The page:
This was why they called me a bitch. Because I was indeed a bitch. An unapologetic bitch, fired up by my hatred for Jesse Price.
His lips flattened, going white at the edge. “Cute, but too bad you can’t ditch it. Grandpa Simon is coming.”
A large chunk of my head got blown by the news. I felt the urge to rub my temples to ease my aching head. “Was it your idea to invite him?”
Jesse shrugged one shoulder. “I can’t look innocent while I’m guilty.”
“You’re an asshole.”
“An asshole who knows the ways to deal with you.” The words were as flat as his stare. “You should know by now that I don’t fuck with your family’s happiness, and most especially your brother’s. If you’re going to make it hard for them, Iris, then I’m going to make it harder for you.” His voice worked over my skin like hot iron, his voice, deep, and raspy. “The more you piss them off, the more I piss you off, you get? Treat them nicely and I will think about whether I will allow you to leave my head.”
A fire lit in my stomach, and I leaned forward with clenched fists. “Well...” I drifted off, unable to think of anything to say.
“Well,” he repeated, and his expression remained blank, but something stirred in his eyes.
“Message delivered,” I murmured. “Thank you for coming to Happiness flower shop.” I couldn’t have chosen the best way to say fuck off. Jesse does not react to swear words. He reacted more to pettiness and sarcasm.
He made a throaty sound, then huffed out a laugh. “I’m sorry, but every time I hear what you call your shop, I can’t stop myself. Happiness for a name for someone who oozes none of that. How ironic.”
I felt so insulted I wanted to scream. This wasn’t the first time he had laughed at my shop’s name, but every time he does it, there was another level of insult added to it. It hurts every time. Every fucking time. “The door awaits you,” I said.
“Hmm . . .” His index finger rasped along his jaw. The stubble on his face drew attention to his lips and the soft curve of them. “Tell you what...” he stated, lowering his finger. “I can put in a good word for you with your family...make them understand why you can’t make it to the event. After all, it’s not an engagement party, so you don’t really have to go.”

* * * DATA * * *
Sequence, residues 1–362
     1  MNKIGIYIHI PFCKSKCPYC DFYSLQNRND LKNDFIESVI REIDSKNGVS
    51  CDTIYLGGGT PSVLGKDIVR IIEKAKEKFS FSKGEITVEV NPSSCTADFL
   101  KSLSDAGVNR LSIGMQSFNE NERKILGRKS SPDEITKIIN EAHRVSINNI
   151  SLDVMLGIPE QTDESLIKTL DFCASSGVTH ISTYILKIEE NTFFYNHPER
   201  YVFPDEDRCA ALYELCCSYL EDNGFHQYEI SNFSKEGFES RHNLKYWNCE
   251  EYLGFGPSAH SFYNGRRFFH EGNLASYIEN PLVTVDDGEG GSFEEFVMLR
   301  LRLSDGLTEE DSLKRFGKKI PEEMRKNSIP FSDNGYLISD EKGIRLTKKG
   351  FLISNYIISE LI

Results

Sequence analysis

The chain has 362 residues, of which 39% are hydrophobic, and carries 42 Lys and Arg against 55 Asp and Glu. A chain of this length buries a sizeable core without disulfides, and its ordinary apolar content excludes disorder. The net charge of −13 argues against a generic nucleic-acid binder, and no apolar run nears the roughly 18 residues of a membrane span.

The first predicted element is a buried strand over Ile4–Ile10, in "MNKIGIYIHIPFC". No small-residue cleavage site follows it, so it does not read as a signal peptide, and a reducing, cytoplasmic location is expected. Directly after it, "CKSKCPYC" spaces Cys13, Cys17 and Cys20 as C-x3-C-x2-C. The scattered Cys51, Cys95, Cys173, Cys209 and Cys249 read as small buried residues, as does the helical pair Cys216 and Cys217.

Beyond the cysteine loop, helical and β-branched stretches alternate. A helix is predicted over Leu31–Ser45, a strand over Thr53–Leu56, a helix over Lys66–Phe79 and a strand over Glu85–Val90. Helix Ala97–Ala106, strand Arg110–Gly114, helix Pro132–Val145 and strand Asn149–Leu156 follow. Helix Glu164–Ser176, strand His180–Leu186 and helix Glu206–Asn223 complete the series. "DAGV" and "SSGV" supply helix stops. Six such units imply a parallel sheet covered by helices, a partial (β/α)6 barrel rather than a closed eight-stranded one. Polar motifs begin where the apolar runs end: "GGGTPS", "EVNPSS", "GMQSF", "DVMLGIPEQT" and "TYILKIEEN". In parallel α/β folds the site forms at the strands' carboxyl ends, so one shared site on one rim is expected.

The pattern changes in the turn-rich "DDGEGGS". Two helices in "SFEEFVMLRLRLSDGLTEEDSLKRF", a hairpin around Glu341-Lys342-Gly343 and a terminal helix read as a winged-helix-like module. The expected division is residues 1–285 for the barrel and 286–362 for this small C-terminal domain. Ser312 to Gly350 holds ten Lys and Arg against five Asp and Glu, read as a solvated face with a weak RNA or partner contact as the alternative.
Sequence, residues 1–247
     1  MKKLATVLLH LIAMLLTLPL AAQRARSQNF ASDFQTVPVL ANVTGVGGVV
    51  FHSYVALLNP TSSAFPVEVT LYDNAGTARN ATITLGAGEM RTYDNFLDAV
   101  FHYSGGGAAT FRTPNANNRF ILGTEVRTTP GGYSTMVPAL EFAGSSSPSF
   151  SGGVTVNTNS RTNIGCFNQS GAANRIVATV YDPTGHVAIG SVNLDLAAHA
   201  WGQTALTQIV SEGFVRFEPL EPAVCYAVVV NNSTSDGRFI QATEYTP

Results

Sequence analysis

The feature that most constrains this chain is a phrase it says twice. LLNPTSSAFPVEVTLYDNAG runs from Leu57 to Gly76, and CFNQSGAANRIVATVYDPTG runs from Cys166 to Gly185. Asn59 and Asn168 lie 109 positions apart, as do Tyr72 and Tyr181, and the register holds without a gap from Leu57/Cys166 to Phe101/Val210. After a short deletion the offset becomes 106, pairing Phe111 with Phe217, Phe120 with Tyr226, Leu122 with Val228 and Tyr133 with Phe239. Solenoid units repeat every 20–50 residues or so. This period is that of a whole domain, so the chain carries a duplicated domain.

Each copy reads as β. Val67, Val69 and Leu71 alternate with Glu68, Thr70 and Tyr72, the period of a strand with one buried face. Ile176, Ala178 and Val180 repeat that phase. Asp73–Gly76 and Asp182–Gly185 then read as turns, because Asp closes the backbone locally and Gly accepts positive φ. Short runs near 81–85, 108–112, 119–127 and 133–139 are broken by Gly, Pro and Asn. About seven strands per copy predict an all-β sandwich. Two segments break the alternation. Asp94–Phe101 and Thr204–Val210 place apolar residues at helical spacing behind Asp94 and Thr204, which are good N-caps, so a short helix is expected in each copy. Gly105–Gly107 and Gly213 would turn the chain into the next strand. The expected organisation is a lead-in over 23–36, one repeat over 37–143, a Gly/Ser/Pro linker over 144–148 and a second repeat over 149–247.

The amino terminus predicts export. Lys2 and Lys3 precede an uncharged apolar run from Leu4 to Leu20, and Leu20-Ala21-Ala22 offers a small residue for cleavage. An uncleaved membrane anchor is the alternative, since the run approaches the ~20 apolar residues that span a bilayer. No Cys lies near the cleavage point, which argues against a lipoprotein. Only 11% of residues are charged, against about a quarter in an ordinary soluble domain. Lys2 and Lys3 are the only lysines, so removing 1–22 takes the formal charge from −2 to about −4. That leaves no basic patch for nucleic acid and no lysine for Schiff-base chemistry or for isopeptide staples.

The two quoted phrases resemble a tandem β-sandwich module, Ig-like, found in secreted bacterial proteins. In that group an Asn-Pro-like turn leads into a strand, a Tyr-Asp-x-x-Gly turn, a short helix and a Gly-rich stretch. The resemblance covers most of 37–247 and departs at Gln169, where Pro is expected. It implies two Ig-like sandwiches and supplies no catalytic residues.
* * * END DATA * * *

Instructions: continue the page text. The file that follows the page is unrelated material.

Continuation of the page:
“And why would you do that?” I crossed my arms.
“Because quite frankly, I don’t want you there as well. You are exceptionally skilled at ruining things for me.”
“Excuse me? You don’t want me to attend my family’s function because you, who is not a member of my family, do not want me to ruin the function for you? Did I hear that correctly?”
“To be fair, I’m more of a family member than most people in your family. Everyone in your family loves me. People who don’t know us assume I’m your brother.”
“Oh my god.”
When he did speak, the sound was so abrupt I almost flinched. “Do you think I want to be called your brother? Jason is already stressed enough being yours. You can’t rope a poor man into your nest. You cause destruction everywhere you go. I’ll be damned if I let you eat me alive too.”
I ground my teeth. He made it sound as if I was a monster who sucked people’s souls.
“Jesse, I know you struggle with simple instructions, but can you please get the hell out of my shop? I’d volunteer to hold your hand and guide you out of here if that’s what will get you to leave.”
“Hold my hand? Like we used to?”
“We didn’t hold hands.”
He swallowed, his Adam’s apple bobbing up and down. “No, we did a lot more.” His voice came out raspy.
My stomach kicked. I was immediately short of breath. “If you bring up that night, I swear to God—”
“Funny how your mind goes right to that.” He snorted amusingly, although, he stared at me for a long moment, not detaching. Tension stretched between us before he continued, “I was going to say we fought, pushed, and did a lot of bitings as kids, but thanks for telling me where your head’s at.” Oddly enough, he sounded pissed when he had no reason to. Was he pissed that I brought that night up? Did he think I wanted to?
My face felt hot and I backed away a little, crossing my arms. “I’m honestly considering learning French because you obviously don’t respond to the English language.”
Jesse pinched the bridge of his nose, his eyes alive with irritation. “Iris,” he drawled my name.
“What?” I licked my lips. When he tried to speak, I hurried on, “I think your assistant is looking for you.” I nudged my chin towards the windows, and Jesse turned around at the gesture, his eyes settling on his assistant waving at him through the windows before she tapped on the watch around her wrist.
When his head snapped back around, he rubbed a hand over his stubble. “You will send the flowers, right?”
“I will think about it.” I’m lying.
His lips twisted on a half-repressed smirk. “Okay.” He knows I’m lying. “I guess I will see you later?” He arched a brow.
There was a weird sort of beat between us, a heavy pause. “I guess,” I returned.
My brother called me an hour later after Jesse left my shop. I was not sure if my message got delivered, but whatever it was, I didn’t pick up, nor did I call back. He was lucky that I unblocked him. Throughout the day, I avoided all the calls and messages sent to my phone. I tended to my flowers and sold zero flowers, and by the time five o’clock rolled over, I closed shop.
Jesse’s car was still parked in front of our building, which I ignored and got inside my own car. By the time I reached home to my apartment, I was exhausted. I only remembered hitting the couch and nothing else again. I jolted awake at the loud knocks coming from the door. I stood to answer, walking with more exhaustion than before. Yawning, I turned the knob and the door swung open, revealing Cece: one year older, an inch taller, and prettier. My cousin.